In the News
Jun 14 2013
Washington, D.C. – Senator Tim Scott and members of the South Carolina congressional delegation today asked the Center for Medicare & Medicaid Services (CMS) to ensure South Carolina seniors continue to have access to critical health care supplies. Currently, CMS oversees a bidding program for durable medical equipment, prosthetics, orthotics, and other supplies, which is intended to reduce Medicare expenses. However, the program designed by CMS falls short in a number of ways, and the delegation has requested a halt to the program in order to reform the process to better reflect its original intent. If left unchecked, the current bidding program could make it significantly harder for seniors to easily and affordably obtain necessary medical equipment.
In the letter, the delegation wrote: “In the Medicare Modernization Act of 2003, Congress designed the Competitive Bidding program with the intent of reducing Medicare and beneficiary expenditures through competition while ensuring that beneficiaries continue to have access to quality items. However, the CMS-designed program in its current form is neither competitive nor does it protect beneficiary access to high quality medical supplies. In fact, many patients will likely have to find a new supplier, often in another state. Additionally, there are numerous flaws in the Competitive Bidding program that prevent it from ensuring quality and access for Medicare beneficiaries.”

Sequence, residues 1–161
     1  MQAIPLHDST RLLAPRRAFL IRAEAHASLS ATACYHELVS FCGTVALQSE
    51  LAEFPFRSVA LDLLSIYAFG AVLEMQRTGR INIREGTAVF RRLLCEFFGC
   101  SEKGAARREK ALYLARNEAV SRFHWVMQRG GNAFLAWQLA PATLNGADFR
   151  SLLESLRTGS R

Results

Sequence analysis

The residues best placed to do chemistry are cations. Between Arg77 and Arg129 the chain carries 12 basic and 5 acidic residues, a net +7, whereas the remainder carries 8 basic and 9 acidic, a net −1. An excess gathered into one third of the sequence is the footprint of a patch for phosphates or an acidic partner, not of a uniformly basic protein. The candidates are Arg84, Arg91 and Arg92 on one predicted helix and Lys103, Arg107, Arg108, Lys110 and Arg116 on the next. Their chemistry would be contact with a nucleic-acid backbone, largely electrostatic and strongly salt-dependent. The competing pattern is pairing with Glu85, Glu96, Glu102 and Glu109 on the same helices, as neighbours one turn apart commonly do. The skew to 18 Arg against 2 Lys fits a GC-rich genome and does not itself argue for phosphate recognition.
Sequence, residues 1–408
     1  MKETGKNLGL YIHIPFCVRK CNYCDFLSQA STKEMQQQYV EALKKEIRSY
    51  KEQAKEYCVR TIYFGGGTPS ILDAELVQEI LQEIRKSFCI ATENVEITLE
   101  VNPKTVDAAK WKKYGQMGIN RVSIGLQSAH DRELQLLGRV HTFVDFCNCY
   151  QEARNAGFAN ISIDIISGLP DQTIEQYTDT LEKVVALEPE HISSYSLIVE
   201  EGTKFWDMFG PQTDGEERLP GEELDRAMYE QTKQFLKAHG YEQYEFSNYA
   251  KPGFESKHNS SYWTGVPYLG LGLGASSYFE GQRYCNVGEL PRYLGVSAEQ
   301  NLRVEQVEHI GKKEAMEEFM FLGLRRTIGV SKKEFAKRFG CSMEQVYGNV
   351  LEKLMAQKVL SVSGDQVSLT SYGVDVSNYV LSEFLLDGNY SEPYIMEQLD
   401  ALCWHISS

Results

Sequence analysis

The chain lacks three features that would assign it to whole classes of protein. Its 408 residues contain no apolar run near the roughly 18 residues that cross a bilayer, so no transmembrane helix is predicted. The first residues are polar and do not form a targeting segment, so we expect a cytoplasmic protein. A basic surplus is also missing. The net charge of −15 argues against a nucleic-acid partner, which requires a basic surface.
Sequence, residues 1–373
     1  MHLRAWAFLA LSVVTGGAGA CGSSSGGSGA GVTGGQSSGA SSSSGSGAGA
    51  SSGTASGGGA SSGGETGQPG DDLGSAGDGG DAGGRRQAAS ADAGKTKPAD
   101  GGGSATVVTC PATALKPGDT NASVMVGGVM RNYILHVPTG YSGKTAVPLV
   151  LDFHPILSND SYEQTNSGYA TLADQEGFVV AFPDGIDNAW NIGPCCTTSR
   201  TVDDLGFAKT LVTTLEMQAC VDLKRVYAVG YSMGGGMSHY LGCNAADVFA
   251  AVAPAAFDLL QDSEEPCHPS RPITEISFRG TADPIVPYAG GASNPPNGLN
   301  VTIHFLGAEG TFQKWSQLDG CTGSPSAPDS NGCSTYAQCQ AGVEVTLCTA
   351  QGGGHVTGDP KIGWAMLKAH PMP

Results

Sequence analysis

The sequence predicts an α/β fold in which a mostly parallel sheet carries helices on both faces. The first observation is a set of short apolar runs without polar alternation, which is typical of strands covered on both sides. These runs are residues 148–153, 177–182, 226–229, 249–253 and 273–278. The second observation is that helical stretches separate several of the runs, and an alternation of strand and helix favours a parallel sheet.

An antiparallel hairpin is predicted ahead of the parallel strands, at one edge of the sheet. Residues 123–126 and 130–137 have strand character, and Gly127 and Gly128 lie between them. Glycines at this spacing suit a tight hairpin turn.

The letter continued, “We are also concerned that general access to local providers will soon be a thing of the past. More than 25 contracts have been won by companies that are 2000 miles away from the bid area for which they were awarded. One company in particular won bids to provide oxygen in all of the South Carolina competitive bid areas, but this company is located in California. Bids on more than 200 contracts have been awarded to companies in states that do not even share a border with South Carolina. Instead of continuing to have access to their local providers, Medicare beneficiaries will have to work with companies that are located an average of 200 miles away from the market that they will be serving after July 1.”
Senator Tim Scott, Senator Lindsey Graham, Representative Joe Wilson, Representative Jeff Duncan, Representative Trey Gowdy, Representative Mick Mulvaney, and Representative Tom Rice all signed the letter.